2. In step 152, several candidates for the location of the first beat can then be found. Estimating C({circumflex over (P)}; {circumflex over (t)}0) (now a function of {circumflex over (t)}0 only, since {circumflex over (P)}0 is fixed) for all values of {circumflex over (t)}0 between 0 and {circumflex over (P)}0 yields function Γ ({circumflex over (t)}0), in step 155

Γ ({circumflex over (t)} 0)=C({circumflex over (P)} 0 ; {circumflex over (t)} 0) for 0≦{circumflex over (t)} 0 ≦{circumflex over (P)} 0;

By performing a basic peak detection on Γ ({circumflex over (t)}0) (step 156) the p most prominent maxima in Γ ({circumflex over (t)}0) can be found which are taken to correspond to the p most likely first beat locations (step 157), expressed in samples at the sampling rate Sr. An example Γ ({circumflex over (t)}0) function is given in FIG. 4 which shows four main peaks which indicate the four most likely locations for the first beat.

The bi-dimensional search in step 151 can be sped up by evaluating the maximum in M({circumflex over (P)}) over a subset of {circumflex over (t)}0=0; 1 . . . {circumflex over (P)}. For example, one can evaluate the maximum over to {circumflex over (t)}0=0, k, 2k, . . . {circumflex over (P)} where k is an integer equal to 2 or more. However, step 152 (obtaining candidates for the location of the first beat) requires evaluating Γ ({circumflex over (t)}0) over the whole range 0≦{circumflex over (t)}0≦{circumflex over (P)}0; and not over a subset of it.

The basic algorithm will now be described. When the signal has a time-varying tempo, the approach described above cannot be used directly, because it relies of the assumption of a constant tempo. However, if the signal is cut into small overlapping segments, and if the tempo can be considered constant over the duration of these segments, it is possible to apply the above algorithm locally on each segment, taking care to insure proper continuity of the tempo and of the downbeat. The algorithm works as follows:

1. As illustrated in FIG. 6, the input signal is decomposed into successive, overlapping small segments 601-603 which are then analyzed by use of the constant-tempo algorithm described with reference to FIGS. 1-5. The length L of each segment can range from 1 second to a few seconds, typically 3 or 4. Long segment lengths help obtain reliable tempo estimates and downbeat estimates. However, short lengths are needed to accurately track a rapidly changing tempo. Each segment is offset from the preceding one by H seconds, typically a few tenths of a second. Small offset values yield more accurate tracking but also increase the computation cost.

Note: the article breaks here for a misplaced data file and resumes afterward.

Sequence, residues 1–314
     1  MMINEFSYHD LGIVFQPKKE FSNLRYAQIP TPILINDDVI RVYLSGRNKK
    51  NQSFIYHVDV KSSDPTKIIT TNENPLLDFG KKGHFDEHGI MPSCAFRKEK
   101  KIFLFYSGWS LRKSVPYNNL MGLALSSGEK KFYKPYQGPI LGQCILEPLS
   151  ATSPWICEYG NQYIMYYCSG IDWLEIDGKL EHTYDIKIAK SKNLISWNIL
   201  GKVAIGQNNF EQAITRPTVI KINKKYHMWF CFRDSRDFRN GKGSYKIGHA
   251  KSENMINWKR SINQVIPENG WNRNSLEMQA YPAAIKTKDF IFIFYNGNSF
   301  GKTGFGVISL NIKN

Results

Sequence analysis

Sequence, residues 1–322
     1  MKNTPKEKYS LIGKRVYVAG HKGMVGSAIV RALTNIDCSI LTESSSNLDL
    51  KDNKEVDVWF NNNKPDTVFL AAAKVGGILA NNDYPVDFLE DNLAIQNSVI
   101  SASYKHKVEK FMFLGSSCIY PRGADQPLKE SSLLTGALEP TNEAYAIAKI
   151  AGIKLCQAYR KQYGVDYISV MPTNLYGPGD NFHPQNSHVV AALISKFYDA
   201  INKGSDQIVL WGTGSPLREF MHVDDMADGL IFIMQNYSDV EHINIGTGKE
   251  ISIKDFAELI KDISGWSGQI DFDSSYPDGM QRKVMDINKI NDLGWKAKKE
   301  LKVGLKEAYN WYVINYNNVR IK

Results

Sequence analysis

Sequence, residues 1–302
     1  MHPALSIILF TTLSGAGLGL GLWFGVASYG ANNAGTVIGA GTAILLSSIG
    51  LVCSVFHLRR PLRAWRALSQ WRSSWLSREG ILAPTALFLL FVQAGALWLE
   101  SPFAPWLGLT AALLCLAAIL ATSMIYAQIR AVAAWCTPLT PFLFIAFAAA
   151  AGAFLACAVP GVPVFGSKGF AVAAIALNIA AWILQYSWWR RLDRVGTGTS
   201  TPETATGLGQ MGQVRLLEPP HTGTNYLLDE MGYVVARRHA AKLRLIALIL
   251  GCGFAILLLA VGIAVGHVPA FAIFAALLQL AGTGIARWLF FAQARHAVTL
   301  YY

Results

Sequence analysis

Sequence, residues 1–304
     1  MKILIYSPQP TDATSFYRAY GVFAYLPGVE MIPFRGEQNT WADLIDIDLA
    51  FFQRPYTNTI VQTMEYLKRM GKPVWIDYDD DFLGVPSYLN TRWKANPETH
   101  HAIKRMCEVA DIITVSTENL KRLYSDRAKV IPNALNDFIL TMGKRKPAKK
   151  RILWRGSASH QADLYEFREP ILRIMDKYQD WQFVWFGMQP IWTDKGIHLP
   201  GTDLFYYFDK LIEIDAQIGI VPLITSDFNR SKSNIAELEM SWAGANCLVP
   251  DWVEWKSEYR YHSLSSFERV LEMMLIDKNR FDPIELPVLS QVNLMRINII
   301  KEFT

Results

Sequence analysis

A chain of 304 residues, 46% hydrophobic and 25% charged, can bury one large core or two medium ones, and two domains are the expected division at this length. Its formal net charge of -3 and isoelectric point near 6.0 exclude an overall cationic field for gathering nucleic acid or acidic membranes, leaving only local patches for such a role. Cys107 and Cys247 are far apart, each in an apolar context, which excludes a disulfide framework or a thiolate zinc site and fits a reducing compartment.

2. On the first segment 601, a constant-tempo estimation is carried-out, according to the algorithm described with reference to FIGS. 1-5 which yields a tempo estimate {circumflex over (P)}0 (0) and a downbeat estimate {circumflex over (t)}0 (0).

3. On the next segment 602, and on all successive ones (segment i in general), a constant-tempo estimation is carried-out with Pmin<{circumflex over (P)}0 (i−1)<Pmax and Pmax−Pmin=δ set to a small value. This way, the algorithm is forced to pick a local estimate of the tempo {circumflex over (P)}local that is close to the one obtained in the preceding frames {circumflex over (P)}0 (i−1). The exact value of δ should depend on the amount of overlap, as controlled by H, since the more overlap, the less likely the tempo is to have changed from one segment to the next. δ is typically a few hundreds of milliseconds.

4. The estimate of the tempo in the current segment {circumflex over (P)}0 (i) is then calculated based on the local estimate of the tempo {circumflex over (P)}local and the tempo in the preceding frames {circumflex over (P)}0 (i−k), k>1 by use of a smoothing mechanism.

One example is a first order recursive filtering: {circumflex over (P)}0 (i)=α{circumflex over (P)} local+(1−α) {circumflex over (P)}0(i−1) where α is a positive constant smaller than 1. α close to 0 causes a lot of smoothing, while α close to 1 does not.

5. The algorithm produces a series of downbeat candidates, among which the current downbeat will be selected, such that the time elapsed between the last beat in part “a” of the preceding segment (see FIG. 7) and the first beat of the current segment is as close to a multiple of the current estimate of the tempo {circumflex over (P)}0 (i) as possible. Specifically, if the last beat in part “a” of the preceding segment occurred at time tlast (as measured from the beginning of the audio track, and if {circumflex over (t)}kk=0, 1, . . . p are the p downbeat candidates, one calculates Δ k 0 = = t ^ k 0 - t last P ^ 0 ( i )

 and calculates the integer closest to it, denoted by |Δk 0 |. For example, if Δk 0 1.1 or 0:9, then |Δk 0 =1. The candidate k0 that minimizes the absolute value of (Δk 0 −|Δk 0 |) is then selected. This is illustrated in FIG. 7. In FIG. 7, {circumflex over (t)}l−tlast is close to {circumflex over (P)}0 (i).